Intracerebral hemorrhage

Last revised by Francis Deng on 25 Nov 2023

An intracerebral hemorrhage, or intraparenchymal cerebral hemorrhage, is a subset of an intracranial hemorrhage as well as of stroke defined by the acute accumulation of blood within the brain parenchyma. This article concerns non-traumatic intracerebral hemorrhages; traumatic hemorrhagic cerebral contusions are discussed separately.

By convention, intracerebral hemorrhage refers to macroscopically visible, recent hemorrhages. In contrast, cerebral microbleeds are discussed separately.

Intracerebral hemorrhages arise from rupture of a small blood vessel within the brain parenchyma or, less commonly, of a blood vessel adjacent to the parenchyma (jet hematoma).

Non-traumatic intracerebral hemorrhages were historically etiologically divided according to whether or not they have an underlying structural lesion or bleeding diathesis.

  1. spontaneous intracerebral hemorrhage presumed due to small vessel disease (formerly primary intracerebral hemorrhage 10)

  2. secondary intracerebral hemorrhage: hemorrhage complicating some underlying structural lesion or bleeding diathesis

Non-traumatic intracerebral hemorrhages are classified by location, which vary by etiologic association 9.

  1. lobar intracerebral hemorrhage: in any lobe(s) of the cerebral hemispheres in a cortical and/or subcortical location (excluding deep hemispheric and infratentorial regions)

  2. non-lobar intracerebral hemorrhage: in deep hemispheric or infratentorial location

    1. deep hemispheric (basal ganglia, thalamus, internal capsule)

    2. brainstem (pons, midbrain, medulla)

    3. cerebellum

CT is usually the modality first obtained and demonstrates a hyperdense collection of blood, often with surrounding hypodense edema. A number of complications may be present, such as extension of the hemorrhage into other intracranial compartments, hydrocephalus, herniation, etc.

A number of CT features can predict the likelihood of hemorrhage expansion and are therefore useful in decision-making and prognosis.

  • non-contrast CT

    • hemorrhage size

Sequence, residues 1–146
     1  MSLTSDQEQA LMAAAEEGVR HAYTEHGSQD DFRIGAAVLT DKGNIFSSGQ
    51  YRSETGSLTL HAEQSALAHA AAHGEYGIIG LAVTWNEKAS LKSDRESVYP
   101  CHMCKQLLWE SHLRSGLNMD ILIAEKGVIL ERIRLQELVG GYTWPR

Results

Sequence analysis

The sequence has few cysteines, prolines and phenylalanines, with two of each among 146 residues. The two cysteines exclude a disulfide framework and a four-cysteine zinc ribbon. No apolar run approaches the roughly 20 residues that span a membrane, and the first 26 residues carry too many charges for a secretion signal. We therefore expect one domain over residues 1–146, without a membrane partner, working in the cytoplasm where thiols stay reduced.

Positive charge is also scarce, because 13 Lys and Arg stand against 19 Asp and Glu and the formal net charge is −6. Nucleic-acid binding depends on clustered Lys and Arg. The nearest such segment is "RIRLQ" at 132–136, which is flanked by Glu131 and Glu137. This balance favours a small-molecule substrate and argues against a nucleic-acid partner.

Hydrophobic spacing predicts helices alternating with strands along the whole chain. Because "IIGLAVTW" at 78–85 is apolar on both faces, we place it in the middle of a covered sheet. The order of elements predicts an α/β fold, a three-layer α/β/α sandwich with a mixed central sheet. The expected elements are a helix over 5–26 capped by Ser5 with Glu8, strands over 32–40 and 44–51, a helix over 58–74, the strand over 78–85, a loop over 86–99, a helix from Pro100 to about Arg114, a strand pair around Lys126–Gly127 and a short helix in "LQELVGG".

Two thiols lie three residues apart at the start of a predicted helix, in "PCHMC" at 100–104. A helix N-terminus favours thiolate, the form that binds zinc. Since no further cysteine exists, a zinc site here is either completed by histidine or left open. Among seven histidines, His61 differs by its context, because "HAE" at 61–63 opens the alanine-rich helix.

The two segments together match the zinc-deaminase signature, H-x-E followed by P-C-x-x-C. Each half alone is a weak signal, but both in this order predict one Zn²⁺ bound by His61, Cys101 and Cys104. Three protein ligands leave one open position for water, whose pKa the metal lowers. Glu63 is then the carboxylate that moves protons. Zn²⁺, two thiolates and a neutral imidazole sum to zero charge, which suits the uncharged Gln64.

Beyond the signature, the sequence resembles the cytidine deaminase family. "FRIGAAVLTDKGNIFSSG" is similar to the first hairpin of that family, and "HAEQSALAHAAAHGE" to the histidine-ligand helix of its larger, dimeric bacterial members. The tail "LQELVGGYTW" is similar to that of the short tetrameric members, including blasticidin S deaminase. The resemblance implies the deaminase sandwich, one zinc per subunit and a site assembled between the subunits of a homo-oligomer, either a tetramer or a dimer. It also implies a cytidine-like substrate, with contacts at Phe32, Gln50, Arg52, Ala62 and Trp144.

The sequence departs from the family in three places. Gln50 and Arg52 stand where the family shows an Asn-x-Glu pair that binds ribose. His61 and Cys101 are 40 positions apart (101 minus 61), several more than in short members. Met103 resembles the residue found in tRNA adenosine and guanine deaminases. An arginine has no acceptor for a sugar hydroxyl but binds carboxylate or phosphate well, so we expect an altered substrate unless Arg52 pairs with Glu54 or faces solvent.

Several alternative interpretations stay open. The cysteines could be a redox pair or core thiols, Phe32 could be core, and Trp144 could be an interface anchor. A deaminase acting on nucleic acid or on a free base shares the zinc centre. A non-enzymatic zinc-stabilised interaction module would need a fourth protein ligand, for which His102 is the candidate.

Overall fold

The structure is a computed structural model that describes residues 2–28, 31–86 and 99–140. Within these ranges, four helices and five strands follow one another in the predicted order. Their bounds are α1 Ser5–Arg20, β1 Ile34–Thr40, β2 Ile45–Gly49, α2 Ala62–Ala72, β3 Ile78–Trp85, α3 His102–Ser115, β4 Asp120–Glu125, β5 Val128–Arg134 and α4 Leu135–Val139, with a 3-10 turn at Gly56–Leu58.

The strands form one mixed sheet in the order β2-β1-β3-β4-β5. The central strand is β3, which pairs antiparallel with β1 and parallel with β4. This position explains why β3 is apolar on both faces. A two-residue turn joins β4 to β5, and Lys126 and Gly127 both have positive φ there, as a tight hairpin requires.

• the volume of an intracerebral hemorrhage can be measured using ABC/2 formula or 3D volumetric software

      • hemorrhage size is considered to be the most reliable independent predictor of ICH expansion

      • hematoma expansion is measured as an increased growth >12.5 mL or volume >33% from the initial CT scan

      • hematomas with a volume of more than 30 mL are more prone to expansion

    • hemorrhage shape

      • intracerebral hemorrhage irregularity is thought to be due to multiple leaking vessels feeding the hematoma

      • hemorrhages with irregular shapes are more prone to expansion

    • hemorrhage density

      • the presence of hypodense or isodense regions within the hyperdense intracerebral hemorrhage represents active bleeding and is called swirl sign

      • when the swirl sign is encapsulated it is termed black hole sign

      • the presence of a relatively hypodense area adjacent to a hyperdense area is termed the blend sign

      • heterogeneous hemorrhage with hypodense foci is more prone to expansion

    • intraventricular hemorrhagic extension​

      • intraventricular hemorrhagic extension occurs due to decompression of the hemorrhage into the low resistance ventricular system, thus; hematomas located in the thalamus, caudate nucleus or pons are more prone to intraventricular extension than lobar hematomas

      • a study has shown that lenticular and lobar hematomas with accompanying intraventricular extension displayed a higher proportion of hematoma expansion 5

  • contrast-enhanced CT

    • active contrast extravasation within hematoma predicts future hemorrhage expansion, this can be observed on CT angiography (CTA) as spot sign and pooling of contrast within the hematoma

Findings depend on the size and age of the bleed (see aging blood on MRI).

With any intracerebral hemorrhage the following points should be included in a report as they have prognostic implications 3:

  • location

  • size/volume

    • the ABC/2 formula is widely used, but there may be more accurate formulas (e.g. 2.5ABC/6, SH/2) and analyzes available, some of which, however, may require the addition of specific software to the standard PACS tools

  • shape (irregular vs regular)

  • density (homogeneous vs heterogeneous)

  • presence/absence of substantial surrounding edema that may indicate an underlying tumor

  • presence/absence of intraventricular hemorrhage

  • presence/absence of hydrocephalus

  • when CT angiography is performed, the presence/absence of the CTA spot sign or a vascular malformation

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Cases and figures

  • Case 1: ICH (on warfarin)
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  • Case 2: basal ganglial bleed
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  • Case 3: hemorrhagic infarction
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  • Case 4: hypertensive hemorrhage
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  • Case 5
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  •  Case 6
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  • Case 7: coagulopathy
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  • Case 8: subacute intracranial hemorrhage
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  • Case 9: subacute intracerebral hematoma
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  • Case 10
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  • Case 11: cerebellar
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  • Case 12
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  • Case 13: T2*
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  • Case 14: Hyperacute hemorrhage on MRI and CT
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  • Case 15: spot sign
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